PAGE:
Suicide car bombing kills 34 in central Ankara
A suicide car bomb ripped through a busy square in central Ankara on Sunday, killing at least 34 people and wounding 125, officials said, the latest in a spate of deadly attacks to hit Turkey. The explosion at 6:45 pm (1645 GMT) struck a bus stop near Kizilay square, a bustling commercial area and local transport hub, reducing buses to charred husks and damaging nearby shops.
Officials said the blast was caused by a vehicle packed with explosives, which the interior minister said was driven by one or two attackers who had deliberately targeted the bus stop.
The attack is the third to strike Ankara in five months, in an area close to the prime minister's office, parliament and foreign embassies, as Turkey grapples with twin security threats from the Islamic State group (IS) and Kurdish rebels. As recently as Friday, the US embassy issued a warning about a possible plot to attack central Ankara, advising American citizens to avoid the area.
No group immediately claimed responsibility for Sunday's killings, but Prime Minister Ahmet Davutoglu said investigators were following up on solid leads.
"We have concrete information on the terrorist group behind the attack," he said in a statement. "We will soon have results from the inquiry, and will make them public."
Canberra said Australia's ambassador to Turkey James Larsen was in his car just 20 metres (yards) away from the bomb when it went off.
The blast killed 34 people and wounded 125 others, 19 of them seriously, Health Minister Mehmet Muezzinoglu said.
"Thirty people were killed on the spot and four others died in hospital," Muezzinoglu said following a meeting of ministers and security officials called by Davutoglu.
A judge in Ankara banned the spreading of information about the attack online, particularly on social media sites, where photos and videos had been circulating.
It is the second major attack in the heart of Ankara in less than a month, after 29 people were killed in a suicide bombing claimed by a dissident faction of the outlawed Kurdistan Workers' Party (PKK) on 17 February. Sunday's blast bore many similarities with the February bombing, which the Kurdistan Freedom Falcons (TAK), linked to the PKK, said was in revenge for operations by the Turkish military in the southeast of the country.
A two-year ceasefire between the government and Kurdish rebels collapsed last year and since December security forces have been waging a major campaign against the PKK.
President Recep Tayyip Erdogan said the government would "never abandon its right to legitimate defence against the terrorist menace."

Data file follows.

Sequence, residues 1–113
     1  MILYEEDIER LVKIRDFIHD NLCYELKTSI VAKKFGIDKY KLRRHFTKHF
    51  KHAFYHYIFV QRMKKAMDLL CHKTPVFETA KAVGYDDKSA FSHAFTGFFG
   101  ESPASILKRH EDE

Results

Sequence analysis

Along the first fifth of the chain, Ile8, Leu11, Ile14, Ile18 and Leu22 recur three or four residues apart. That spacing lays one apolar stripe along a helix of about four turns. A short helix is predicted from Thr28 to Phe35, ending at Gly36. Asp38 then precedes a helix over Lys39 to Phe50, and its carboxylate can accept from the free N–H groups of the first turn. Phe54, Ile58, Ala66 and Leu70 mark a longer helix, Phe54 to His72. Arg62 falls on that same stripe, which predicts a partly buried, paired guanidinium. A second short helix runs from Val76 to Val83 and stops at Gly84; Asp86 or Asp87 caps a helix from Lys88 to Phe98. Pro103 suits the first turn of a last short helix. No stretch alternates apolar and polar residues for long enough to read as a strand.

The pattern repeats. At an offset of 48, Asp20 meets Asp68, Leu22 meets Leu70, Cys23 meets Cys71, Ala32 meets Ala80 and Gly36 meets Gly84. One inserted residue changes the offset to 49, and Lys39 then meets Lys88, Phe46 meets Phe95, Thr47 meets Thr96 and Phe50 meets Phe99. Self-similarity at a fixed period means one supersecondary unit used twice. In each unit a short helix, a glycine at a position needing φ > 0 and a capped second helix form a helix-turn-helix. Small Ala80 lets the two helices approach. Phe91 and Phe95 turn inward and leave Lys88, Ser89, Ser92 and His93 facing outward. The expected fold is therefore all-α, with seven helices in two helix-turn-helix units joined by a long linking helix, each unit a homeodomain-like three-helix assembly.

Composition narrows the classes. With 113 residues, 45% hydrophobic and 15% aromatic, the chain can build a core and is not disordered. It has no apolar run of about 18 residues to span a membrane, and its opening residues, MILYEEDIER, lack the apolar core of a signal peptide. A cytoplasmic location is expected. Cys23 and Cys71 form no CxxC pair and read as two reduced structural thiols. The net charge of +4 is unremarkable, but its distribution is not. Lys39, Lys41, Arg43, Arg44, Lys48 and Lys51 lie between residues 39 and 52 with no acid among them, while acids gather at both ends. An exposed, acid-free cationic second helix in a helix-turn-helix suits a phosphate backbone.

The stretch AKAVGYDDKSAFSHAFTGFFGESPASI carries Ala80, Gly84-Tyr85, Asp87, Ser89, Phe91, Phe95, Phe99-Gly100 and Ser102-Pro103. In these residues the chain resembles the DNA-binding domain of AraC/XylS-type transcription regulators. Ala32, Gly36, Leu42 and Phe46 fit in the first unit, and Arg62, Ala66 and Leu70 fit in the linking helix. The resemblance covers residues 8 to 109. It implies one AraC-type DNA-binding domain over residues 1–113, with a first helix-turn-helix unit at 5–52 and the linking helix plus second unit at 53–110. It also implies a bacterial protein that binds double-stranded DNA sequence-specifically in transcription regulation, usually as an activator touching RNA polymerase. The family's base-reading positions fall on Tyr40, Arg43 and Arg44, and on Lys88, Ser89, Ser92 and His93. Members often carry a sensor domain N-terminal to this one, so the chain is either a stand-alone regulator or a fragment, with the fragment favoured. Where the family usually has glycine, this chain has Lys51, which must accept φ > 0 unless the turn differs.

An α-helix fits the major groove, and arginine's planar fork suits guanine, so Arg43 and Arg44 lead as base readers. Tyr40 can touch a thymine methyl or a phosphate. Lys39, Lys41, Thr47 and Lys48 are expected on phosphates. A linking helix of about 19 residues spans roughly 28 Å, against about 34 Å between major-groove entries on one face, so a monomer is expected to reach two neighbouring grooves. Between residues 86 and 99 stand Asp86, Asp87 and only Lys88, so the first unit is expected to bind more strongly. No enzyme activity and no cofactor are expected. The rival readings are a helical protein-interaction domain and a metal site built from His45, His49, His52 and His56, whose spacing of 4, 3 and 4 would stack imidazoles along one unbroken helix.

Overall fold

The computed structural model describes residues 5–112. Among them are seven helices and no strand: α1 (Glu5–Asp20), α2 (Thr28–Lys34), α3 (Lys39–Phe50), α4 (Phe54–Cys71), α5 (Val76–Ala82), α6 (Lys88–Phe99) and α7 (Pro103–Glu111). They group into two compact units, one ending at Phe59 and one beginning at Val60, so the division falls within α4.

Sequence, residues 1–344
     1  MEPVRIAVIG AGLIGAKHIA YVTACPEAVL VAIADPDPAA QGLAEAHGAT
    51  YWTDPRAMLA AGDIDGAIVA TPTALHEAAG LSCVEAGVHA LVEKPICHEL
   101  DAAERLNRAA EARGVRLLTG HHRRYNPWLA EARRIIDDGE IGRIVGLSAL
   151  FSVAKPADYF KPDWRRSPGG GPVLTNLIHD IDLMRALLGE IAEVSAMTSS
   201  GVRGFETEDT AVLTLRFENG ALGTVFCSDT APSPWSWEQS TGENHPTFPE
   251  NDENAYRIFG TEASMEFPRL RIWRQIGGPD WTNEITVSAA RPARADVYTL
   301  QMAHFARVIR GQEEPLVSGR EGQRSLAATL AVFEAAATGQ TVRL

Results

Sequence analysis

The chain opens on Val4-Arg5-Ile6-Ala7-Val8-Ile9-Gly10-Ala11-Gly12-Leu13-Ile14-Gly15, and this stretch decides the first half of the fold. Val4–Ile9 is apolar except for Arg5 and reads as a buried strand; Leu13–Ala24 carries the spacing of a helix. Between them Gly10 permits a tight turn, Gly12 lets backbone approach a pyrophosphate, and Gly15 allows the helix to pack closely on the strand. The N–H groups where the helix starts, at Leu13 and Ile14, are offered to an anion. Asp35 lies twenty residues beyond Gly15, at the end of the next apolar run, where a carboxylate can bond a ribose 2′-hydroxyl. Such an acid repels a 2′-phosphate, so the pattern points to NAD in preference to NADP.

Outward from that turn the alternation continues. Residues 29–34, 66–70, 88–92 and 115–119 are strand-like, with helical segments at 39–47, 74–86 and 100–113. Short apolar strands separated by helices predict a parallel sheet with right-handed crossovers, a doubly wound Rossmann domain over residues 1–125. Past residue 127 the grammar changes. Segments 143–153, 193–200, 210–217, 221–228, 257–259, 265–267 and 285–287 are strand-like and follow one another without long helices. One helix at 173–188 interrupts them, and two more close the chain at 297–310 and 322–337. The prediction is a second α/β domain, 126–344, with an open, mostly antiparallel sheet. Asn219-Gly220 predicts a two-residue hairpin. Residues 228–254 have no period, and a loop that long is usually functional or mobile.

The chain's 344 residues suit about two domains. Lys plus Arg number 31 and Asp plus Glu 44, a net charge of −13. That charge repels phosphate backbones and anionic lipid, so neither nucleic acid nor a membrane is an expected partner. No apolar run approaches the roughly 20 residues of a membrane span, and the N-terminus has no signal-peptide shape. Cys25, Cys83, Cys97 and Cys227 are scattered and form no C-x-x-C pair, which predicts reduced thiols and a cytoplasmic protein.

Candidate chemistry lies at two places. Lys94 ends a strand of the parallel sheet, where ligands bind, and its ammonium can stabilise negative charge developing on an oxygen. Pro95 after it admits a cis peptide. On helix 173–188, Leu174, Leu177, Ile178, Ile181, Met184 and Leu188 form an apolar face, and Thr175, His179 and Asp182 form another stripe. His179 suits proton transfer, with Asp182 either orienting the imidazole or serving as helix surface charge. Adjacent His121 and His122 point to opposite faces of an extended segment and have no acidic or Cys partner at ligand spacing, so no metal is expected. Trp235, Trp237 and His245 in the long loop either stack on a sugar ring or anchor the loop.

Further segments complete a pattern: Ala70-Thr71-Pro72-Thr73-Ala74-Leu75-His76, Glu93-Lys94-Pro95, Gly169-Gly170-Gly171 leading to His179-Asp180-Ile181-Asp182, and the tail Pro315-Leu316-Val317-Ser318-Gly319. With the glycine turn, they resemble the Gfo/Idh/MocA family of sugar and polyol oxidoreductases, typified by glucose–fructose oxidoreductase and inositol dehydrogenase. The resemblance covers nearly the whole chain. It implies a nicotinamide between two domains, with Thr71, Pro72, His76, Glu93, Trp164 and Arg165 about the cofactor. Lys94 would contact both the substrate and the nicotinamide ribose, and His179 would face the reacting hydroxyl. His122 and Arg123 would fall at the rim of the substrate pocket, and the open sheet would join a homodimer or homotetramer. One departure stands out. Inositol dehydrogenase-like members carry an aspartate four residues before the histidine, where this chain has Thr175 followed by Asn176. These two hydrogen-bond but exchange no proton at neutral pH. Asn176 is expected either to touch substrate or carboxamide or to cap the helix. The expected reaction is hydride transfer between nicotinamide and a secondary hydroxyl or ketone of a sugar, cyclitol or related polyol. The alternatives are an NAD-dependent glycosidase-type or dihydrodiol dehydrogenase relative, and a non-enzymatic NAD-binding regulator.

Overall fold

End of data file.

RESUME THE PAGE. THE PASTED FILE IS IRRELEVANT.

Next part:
"Turkey is fighting a determined struggle against terrorist organisations," he said.
The attack comes at a delicate moment for Turkey, as it seeks to persuade the European Union to speed up its path to membership of the bloc in return for help with a huge migrant crisis. French President Francois Hollande condemned the "vile attack" and said France stood alongside Turkey in the fight against terror. British Prime Minister David Cameron said he was "appalled". The US condemned the "horrific attack", with the White House National Security Council pledging to work with Turkey "to confront the scourge of terrorism".
Turkey has been on high alert following a string of attacks since the middle of last year, most of them blamed on the IS group, including a double suicide bombing in Ankara in October that left 103 people dead. Sunday's attack came as strict curfews imposed in December on a number of Kurdish-dominated towns and cities were extended to two more towns in the southeast as a prelude to fresh military operations.
Authorities said restrictions would be slapped on Yuksekova, near the Iranian border and Nusaybin, on the frontier with Syria, to "restore order and security" following an increase in "terrorist activity". Ankara has vowed to wipe out the PKK, classed as a terrorist organisation by Turkey and its Western allies and has said "clean-up" operations in Yuksekova, Nusaybin and Sirnak, a third Kurdish city, are imminent.
After February's attack Erdogan rejected the TAK claim of responsibility and insisted the assault was the work of the Syrian Kurdish People's Protection Units (YPG), which Ankara regards as a branch of the PKK. The issue has driven a wedge between Ankara and its ally Washington, which works with the YPG as the only effective force combating IS in Syria. (AFP)
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